British Sidewalks Breed Terrorists IV
* BRITISH SIDEWALKS BREED TERRORISTS IV
Tue July 26, 2005
The following essay is from Thirster at the University of Florida Paul Doughty, anthropologist, Latin Americanist, and lifelong activist on behalf of peace. The essay is extremely lightly edited for clarity, and at the end I have appended a definition of the key notion of “cultural revitalization,” which is central to Paul’s analysis.
The term “revitalization,” first coined fifty years ago, has a certain positive ring to it. But it is well to bear in mind, as Paul suggests, that in today’s Global Era, the “revitalization” of one culture can be bad for world peace.
On the other hand, the right KIND of revitalization of American culture, and various Muslim cultures, could be very good for world peace.
Oh my, this is a vat of pickles with some habanero chilis thrown into it. As an anthropologist I think of these years as the "Age of Revitalization Movements," each as unyielding as the next, and all running on large servings of ethno-religious-centrism and with total withdrawal of respect for "others." Simple, direct solutions are appealing. Facts are inconvenient as are science, history and knowledge derived therefrom: these are replaced by "belief" in what is conjured up by the those with insight to interpret events and provide simple, comprehensible answers. Alas, the Islamic radicalism outlined here is a universe increasingly paralleled by religious counterparts in the US.
From what we know about revitalization processes, the pathways for dealing with them as they formulate the characteristics we now see, are as clear as they are difficult: one has to act to alter and correct the societal and cultural breakdowns that lead to this enormous sense of alienation, insecurity, fear, and confusion that clearly reigns in the minds of such persons. The question is: will our governments and people be willing to take on these issues that are increasingly provoked by globalization in the era of instant communications, fractured societal relations, power-struggles, hate-mongering, greed and confrontation at every level? Or, will we simply respond in kind? Develop our own "movement" as we appear to be doing with our growing "fortress america" mentality? And to what effect? Who was it that noted that people who fight each other, come to resemble each other?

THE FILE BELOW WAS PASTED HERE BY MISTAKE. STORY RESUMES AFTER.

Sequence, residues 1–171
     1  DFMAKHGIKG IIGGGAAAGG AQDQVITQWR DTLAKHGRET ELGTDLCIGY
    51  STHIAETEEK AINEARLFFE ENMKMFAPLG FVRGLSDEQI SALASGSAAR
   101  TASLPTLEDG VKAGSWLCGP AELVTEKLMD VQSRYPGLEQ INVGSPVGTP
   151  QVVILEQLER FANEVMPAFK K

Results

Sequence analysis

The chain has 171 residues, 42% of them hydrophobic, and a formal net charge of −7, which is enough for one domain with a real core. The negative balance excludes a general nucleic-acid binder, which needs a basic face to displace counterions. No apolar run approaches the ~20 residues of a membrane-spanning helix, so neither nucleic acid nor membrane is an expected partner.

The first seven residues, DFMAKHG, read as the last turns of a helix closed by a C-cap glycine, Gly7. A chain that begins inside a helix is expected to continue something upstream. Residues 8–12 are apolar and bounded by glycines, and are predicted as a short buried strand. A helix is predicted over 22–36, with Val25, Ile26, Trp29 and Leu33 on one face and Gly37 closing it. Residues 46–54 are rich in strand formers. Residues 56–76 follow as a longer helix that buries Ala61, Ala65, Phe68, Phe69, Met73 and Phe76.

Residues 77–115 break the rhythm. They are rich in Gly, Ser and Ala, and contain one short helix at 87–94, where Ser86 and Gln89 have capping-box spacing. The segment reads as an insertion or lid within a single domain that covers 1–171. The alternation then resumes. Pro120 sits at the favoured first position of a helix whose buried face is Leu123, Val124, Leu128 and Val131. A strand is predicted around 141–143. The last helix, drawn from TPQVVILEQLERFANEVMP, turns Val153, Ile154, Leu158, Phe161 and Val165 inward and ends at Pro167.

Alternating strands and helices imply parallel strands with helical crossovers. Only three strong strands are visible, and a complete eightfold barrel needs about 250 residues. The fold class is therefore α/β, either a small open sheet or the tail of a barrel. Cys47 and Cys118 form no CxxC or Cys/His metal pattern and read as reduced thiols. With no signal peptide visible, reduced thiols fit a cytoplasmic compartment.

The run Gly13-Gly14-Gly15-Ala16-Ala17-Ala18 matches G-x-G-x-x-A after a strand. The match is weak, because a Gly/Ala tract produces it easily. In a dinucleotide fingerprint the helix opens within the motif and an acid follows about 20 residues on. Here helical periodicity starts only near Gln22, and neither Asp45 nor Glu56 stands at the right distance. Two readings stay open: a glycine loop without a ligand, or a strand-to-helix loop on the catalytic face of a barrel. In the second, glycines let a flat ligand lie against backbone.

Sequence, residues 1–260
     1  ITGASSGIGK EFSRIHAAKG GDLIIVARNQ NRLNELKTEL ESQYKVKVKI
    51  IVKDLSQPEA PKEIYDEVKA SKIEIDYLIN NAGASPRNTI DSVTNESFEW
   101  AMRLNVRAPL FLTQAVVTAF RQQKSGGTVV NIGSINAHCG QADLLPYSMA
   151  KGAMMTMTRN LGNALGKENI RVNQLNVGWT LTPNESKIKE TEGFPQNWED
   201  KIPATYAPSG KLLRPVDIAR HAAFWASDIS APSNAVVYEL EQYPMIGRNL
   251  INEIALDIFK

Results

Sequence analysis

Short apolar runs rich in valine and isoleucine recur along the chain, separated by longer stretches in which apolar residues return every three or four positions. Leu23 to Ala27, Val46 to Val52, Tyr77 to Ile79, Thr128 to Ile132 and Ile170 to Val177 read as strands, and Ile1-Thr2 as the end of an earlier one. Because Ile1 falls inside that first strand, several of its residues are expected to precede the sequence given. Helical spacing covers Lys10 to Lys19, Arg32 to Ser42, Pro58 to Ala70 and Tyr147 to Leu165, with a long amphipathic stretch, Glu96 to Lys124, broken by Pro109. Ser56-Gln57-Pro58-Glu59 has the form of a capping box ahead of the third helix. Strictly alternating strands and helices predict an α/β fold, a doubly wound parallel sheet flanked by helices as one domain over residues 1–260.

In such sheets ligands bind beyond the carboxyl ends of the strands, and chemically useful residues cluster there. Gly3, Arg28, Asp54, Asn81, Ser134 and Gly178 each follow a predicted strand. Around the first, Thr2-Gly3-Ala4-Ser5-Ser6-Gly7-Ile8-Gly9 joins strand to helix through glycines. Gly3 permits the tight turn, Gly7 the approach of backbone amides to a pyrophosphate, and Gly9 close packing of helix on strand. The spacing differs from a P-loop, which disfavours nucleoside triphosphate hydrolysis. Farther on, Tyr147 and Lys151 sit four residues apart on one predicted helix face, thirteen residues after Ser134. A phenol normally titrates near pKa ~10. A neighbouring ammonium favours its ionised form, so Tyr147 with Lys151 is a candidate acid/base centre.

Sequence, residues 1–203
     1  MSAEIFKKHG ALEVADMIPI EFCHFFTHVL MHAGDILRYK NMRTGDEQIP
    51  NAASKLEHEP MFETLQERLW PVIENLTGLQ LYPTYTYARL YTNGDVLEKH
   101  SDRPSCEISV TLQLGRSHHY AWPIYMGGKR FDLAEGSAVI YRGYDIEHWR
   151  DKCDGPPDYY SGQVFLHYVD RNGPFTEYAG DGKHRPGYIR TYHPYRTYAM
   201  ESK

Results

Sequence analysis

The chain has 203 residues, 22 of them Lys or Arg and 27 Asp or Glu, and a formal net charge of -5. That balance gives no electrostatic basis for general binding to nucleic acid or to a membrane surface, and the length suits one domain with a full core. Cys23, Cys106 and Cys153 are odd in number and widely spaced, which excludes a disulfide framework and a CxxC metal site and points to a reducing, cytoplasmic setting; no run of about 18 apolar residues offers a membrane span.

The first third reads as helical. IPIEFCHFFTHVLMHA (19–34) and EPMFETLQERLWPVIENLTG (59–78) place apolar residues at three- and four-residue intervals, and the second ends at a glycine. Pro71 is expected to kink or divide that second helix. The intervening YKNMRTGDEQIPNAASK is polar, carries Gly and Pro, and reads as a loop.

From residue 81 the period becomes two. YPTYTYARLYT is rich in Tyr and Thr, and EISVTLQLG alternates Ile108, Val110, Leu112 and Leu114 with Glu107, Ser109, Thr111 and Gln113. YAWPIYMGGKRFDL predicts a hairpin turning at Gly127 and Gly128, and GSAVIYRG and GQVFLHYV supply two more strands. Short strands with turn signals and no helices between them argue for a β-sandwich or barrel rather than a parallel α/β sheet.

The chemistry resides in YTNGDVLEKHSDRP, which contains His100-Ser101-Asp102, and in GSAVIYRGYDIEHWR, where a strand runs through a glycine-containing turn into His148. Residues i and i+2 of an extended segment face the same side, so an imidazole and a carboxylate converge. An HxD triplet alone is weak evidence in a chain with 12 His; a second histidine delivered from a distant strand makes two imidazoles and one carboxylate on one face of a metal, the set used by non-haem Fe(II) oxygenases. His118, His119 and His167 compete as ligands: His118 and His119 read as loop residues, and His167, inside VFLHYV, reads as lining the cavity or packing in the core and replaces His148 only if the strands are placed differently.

FROM THE ENCYCLOPEDIA OF RELIGION AND SOCIETY, published by the Hartford Institute for Religion Research, here is a brief summary of the theory of cultural revitalization:
A term first proposed in 1956 by Anthony F. C. Wallace of the University of Pennsylvania to encompass such variously labeled social movements as nativistic movements, millenarian movements, reformative movements, and cargo cults because, he suggested, all possess a similar processual structure.
All these movements constitute deliberate, organized attempts by some members of society to create a more satisfying culture. All seek to undermine existing institutions with the intention of bringing about a new and meaningful integration through manipulation of the world. Wallace asserted that all religions come into existence as parts of revitalization movements and that whenever conditions of individual or social stress exist, a prophet emerges with a new cultural paradigm that, if accepted, becomes the basis for a new social reality or new social order. He delineated the sequence of development in revitalization movements as follows: (1) a steady state of culture, (2) a period of individual stress, (3) a period of cultural distortion, (4) a revitalization, and (5) the establishment of new steady state of culture.
—Stephen D. Glazier
A. F. C. Wallace, "Revitalization Movements," American Anthropologist 58(1956):264-281.